Africa: Thank You, Egypt 2019, for the Memories

Algeria crowned champions of Africa for the second time.

Cairo — Algeria shredded the Fifa world rankings to smithereens in a 24-nation Africa Cup of Nations whose expansion magnified the challenges host organisers face even as minor teams seized their opportunity to rock the established continental order in 30 days of memorable competition.

The final on Friday at the famous Cairo International Stadium was an anti-climax. Expected to showcase African football, the match never hit the desired standards as the reality of playing in an all-stakes final match somehow affected the players.

Once Algerian striker Bagdhad Bounedjah scored his fortuitous goal in the second minute, Algeria, who had exhibited a beautiful, quick passing, attacking game, withdrew into a defensive wall. They let the desperate Senegalese press agonise all evening for an equaliser but even with Liverpool marksman Sadio Mane in their ranks the Teranga Lions just could not draw any blood in the 0-1 loss.

Play-acting by the players - easily going down and rolling theatrically like Neymar at the slightest contact - was a feature in the tournament, and it played out time and again in the admittedly disappointing final.

But looking at the final in the context of history, neither team deserved to lose. Algeria were chasing their first title in 29 years while Senegal were looking for their maiden crown.

Algeria, under local man Djamel Belmadi, came into the tournament ranked 12th in the continent and went ahead to thump the continent's top team Senegal, not once, but twice to leave Egypt as the new champions of Africa.

The lively, travelling Algerian fans added colour to a tournament that has struggled to fill the stadiums throughout its history. Fifty-two matches were staged in Egypt in this expanded Nations Cup that featured 24 teams, up from 16 the previous edition. But apart from fixtures that involved hosts Egypt, and perhaps the final match, all other encounters were played in virtually empty stadiums.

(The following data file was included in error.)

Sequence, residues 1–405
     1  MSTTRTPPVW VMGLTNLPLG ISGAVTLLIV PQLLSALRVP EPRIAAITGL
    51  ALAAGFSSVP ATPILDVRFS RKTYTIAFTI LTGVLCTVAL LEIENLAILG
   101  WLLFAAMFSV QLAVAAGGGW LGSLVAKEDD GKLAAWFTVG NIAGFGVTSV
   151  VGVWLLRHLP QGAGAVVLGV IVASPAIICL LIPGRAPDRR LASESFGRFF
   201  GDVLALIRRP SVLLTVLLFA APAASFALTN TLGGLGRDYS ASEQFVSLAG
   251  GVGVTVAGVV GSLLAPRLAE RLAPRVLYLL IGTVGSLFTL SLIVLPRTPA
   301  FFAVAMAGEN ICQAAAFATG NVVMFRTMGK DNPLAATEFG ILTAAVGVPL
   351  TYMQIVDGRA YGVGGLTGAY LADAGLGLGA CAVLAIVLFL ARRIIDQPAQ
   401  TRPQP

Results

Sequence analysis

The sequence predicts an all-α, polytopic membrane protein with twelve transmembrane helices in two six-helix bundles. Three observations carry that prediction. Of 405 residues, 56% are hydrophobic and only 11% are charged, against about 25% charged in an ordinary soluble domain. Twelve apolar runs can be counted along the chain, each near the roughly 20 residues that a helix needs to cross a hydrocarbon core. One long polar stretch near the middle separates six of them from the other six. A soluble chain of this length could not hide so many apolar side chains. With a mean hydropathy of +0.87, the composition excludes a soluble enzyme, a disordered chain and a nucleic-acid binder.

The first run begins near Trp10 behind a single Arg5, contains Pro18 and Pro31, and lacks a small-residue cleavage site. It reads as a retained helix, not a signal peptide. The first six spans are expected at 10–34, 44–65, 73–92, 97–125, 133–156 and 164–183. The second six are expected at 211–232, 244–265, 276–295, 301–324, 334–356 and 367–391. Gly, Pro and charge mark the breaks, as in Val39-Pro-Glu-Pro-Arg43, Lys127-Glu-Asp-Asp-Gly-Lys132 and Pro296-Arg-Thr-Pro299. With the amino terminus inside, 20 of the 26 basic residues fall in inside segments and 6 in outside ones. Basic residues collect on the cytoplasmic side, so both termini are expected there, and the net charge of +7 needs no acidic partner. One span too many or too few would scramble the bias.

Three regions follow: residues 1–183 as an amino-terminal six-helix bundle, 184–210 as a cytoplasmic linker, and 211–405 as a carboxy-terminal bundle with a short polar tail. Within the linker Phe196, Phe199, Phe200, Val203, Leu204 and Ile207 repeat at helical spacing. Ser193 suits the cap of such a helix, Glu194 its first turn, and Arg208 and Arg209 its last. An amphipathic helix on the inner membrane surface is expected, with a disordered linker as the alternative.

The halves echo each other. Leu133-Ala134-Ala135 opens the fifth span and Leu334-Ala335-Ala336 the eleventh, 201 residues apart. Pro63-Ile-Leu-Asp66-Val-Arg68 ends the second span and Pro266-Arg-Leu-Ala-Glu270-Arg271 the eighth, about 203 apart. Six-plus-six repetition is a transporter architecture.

And with only six venues used, organisers were forced to have double headers that brought the challenge of organising two fixtures at the same venue on the same day.


Egypt had only months to prepare for the football jamboree after original hosts Cameroon were stripped of hosting rights because of lack of preparedness.

Africa's third most populous nation, that had staged this tournament four times before, did not disappoint.

They were especially praised for their excellent pitches and facilities in general. The local organising committee revealed they had 24 training grounds and an additional six also available for use.

The next hosts Cameroon have their work clearly cut out for them in 2021.

The debate still rages on about Caf's decision to increase the tournament from 16 to 24 teams. The so called minor football nations solidly argued the case for an expanded tournament on the pitch.

Debutants Mauritania, Burundi and Madagascar pushed the big boys hard and registered some good results. Madagascar were the surprise package stunning three-time champions Nigeria 2-0 in the group stages on the way to a memorable quarter-final appearance.

Kenya and Tanzania made a return after 15 and 39 years respectively and even though they failed to make the knock-outs, they served up a thrilling "East Africa Derby" - one of the matches of the tournament - in their group encounter, won by Harambee Stars 3-2.

Kenya coach Sebastien Migne talked about the inexperience of his young team and the lessons they had learnt. However, it is worth noting for Kenya that player of tournament was Algeria's 22-year-old midfielder Ismael Bennacer, playing in his first Nations Cup, and with only three international caps to his name before the tournament kicked off.

Michael Olunga, with two goals to his name, was Kenya's brightest spark and with better service could have realistically vied for the Golden Boot that went to Nigeria's Odion Ighalo who netted five times.

Many coaches at the tournament talked about the gap between the big and small football nations disappearing. But clearly, a set of class players, and perhaps some luck is needed to win the Africa Cup of Nations title.

More From: Nation

Don't Miss

AllAfrica publishes around 800 reports a day from more than 130 news organizations and over 500 other institutions and individuals, representing a diversity of positions on every topic. We publish news and views ranging from vigorous opponents of governments to government publications and spokespersons. Publishers named above each report are responsible for their own content, which AllAfrica does not have the legal right to edit or correct.

Articles and commentaries that identify as the publisher are produced or commissioned by AllAfrica. To address comments or complaints, please Contact us.